E.g., consider a dataset with, say, 20 percent of the
respondents not responding to a question on personal
income. If the researcher were to retain the income
variable in the equation and use LWD, then the analysis
would be conducted with 20 percent fewer cases. If DRP
was used, the income variable would not be in the
equation, and the analysis would retain those 20 percent
of the respondents not reporting incomes.
DRP should be avoided without question because of the
obvious problem of model misspecification.
Four More Traditional Methods
(I will only mention them)
1. Pairwise deletion
•uses all the available information to compute the
summary statistics; not a good strategy; can’t be used in
estimating multivariate equations; should be avoided
2. Dummy variable adjustment
•uses all the cases and adjusts for those that have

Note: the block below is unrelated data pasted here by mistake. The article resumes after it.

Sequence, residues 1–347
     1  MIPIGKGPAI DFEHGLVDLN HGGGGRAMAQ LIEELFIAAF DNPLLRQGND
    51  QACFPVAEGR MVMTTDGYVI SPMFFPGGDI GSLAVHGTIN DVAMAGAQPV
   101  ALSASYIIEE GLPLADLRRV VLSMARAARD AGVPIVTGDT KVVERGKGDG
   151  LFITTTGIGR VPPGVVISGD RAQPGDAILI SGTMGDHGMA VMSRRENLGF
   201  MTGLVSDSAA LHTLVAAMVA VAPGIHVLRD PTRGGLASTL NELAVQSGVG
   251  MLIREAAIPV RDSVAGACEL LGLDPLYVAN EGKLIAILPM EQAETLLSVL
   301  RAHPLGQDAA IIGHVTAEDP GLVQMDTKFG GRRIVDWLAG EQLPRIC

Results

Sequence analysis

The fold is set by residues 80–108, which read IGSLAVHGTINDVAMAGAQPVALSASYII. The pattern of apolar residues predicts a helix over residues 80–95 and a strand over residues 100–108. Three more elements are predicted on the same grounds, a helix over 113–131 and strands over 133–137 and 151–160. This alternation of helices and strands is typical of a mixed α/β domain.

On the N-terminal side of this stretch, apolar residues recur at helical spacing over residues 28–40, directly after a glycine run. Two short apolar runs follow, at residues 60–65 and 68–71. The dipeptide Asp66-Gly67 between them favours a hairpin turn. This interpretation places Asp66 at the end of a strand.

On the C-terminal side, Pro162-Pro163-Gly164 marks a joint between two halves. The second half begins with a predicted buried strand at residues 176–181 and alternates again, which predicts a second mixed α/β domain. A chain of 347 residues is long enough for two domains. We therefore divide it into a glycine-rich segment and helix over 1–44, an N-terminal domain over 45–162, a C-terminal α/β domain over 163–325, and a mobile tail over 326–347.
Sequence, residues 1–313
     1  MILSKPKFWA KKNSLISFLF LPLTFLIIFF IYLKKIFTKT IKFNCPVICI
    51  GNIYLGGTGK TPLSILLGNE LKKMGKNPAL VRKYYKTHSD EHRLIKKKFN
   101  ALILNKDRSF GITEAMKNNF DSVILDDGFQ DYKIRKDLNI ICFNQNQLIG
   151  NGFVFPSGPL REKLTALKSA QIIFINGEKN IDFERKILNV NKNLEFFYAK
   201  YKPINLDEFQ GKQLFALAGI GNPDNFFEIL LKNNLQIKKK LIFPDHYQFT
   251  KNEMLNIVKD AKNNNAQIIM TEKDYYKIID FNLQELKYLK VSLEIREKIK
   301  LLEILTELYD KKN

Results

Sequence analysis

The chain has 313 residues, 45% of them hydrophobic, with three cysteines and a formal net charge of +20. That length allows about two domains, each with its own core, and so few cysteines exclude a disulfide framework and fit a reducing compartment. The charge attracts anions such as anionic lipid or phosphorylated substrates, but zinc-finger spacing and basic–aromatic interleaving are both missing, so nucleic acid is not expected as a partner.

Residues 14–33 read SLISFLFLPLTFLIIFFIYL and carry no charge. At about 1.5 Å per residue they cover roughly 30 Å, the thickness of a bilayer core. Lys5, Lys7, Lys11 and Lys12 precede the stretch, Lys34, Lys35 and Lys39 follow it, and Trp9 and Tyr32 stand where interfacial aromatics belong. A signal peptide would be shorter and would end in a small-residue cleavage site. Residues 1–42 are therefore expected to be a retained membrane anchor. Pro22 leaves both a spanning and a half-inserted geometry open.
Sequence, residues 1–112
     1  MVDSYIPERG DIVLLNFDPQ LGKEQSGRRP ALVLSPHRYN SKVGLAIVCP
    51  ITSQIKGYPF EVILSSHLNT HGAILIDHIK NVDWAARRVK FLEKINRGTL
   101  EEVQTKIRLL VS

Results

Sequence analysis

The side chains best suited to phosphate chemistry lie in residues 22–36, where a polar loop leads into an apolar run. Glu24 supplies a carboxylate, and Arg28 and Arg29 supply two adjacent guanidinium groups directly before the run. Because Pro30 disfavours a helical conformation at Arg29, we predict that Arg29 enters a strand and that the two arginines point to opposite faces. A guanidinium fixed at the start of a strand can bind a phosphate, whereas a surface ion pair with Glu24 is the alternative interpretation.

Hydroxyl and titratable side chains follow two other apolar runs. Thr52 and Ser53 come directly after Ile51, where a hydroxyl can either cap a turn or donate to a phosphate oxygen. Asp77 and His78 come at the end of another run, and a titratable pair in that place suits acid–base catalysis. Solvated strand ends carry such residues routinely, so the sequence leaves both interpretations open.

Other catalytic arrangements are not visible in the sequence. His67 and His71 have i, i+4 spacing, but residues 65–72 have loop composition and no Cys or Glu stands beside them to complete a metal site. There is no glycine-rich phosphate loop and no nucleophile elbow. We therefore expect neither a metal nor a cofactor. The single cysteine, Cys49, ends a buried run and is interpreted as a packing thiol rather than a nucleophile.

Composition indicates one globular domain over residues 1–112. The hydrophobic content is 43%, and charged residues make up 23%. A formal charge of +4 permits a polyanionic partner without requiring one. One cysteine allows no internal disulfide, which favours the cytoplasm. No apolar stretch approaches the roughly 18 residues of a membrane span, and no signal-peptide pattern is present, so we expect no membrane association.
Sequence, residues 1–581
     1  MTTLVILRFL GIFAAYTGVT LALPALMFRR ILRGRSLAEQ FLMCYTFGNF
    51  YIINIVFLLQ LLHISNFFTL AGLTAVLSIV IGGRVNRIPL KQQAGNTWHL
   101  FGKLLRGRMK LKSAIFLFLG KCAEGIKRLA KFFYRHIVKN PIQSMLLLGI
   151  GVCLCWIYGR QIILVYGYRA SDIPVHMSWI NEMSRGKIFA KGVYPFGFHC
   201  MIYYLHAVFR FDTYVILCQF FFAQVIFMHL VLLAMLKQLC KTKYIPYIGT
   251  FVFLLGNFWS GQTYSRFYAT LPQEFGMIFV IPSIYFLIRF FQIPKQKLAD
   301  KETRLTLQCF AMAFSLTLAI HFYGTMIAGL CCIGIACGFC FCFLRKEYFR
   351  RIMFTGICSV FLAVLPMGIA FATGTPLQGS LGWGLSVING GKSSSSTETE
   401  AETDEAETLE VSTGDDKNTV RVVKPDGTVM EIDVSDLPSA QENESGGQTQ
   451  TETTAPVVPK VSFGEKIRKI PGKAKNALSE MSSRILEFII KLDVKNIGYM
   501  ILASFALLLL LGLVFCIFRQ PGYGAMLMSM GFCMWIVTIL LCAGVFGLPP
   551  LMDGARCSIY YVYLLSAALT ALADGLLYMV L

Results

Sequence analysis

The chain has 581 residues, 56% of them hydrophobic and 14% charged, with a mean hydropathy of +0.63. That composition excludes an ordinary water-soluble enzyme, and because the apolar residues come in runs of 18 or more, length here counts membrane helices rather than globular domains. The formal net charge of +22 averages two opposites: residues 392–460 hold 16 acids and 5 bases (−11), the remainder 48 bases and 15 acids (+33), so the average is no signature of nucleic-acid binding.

missing values; artificially influences the size and
complexity of the model.
3. Hot deck
•missing values are replaced with random values found
in the observed data; used with census and ACS data
4. Cold deck imputation
•replacing values with values from another data set 15
Multiple imputation (MI)
The most popular of the non-traditional methods is multiple
imputation (MI), a method first introduced by Donald Rubin
in 1987.
Allison (2002, p. 27) argues that MI is the preferred method
for handle missing data because “when used correctly, it
produces estimates that are consistent, asymptotically
efficient and asymptotically normal when the data are
MAR.”
Treiman (2009, pp. 186-87) states that MI is the current
gold-standard approach for dealing with missing data.
Unique about MI is that it does not treat the
data as if they are real.
Instead MI estimates the values by taking into
account the uncertainty of the missing values
component.
Multiple datasets are generated. But MI is not
concerned with recovering the missing data.
Concerned with estimating the population
variances to make generalizable estimates.
Three stages in MI
The imputation stage creates several data sets (see next slide).
The analysis stage runs the desired analysis in each data set.
The combination stage combines the results (i.e., the estimates and the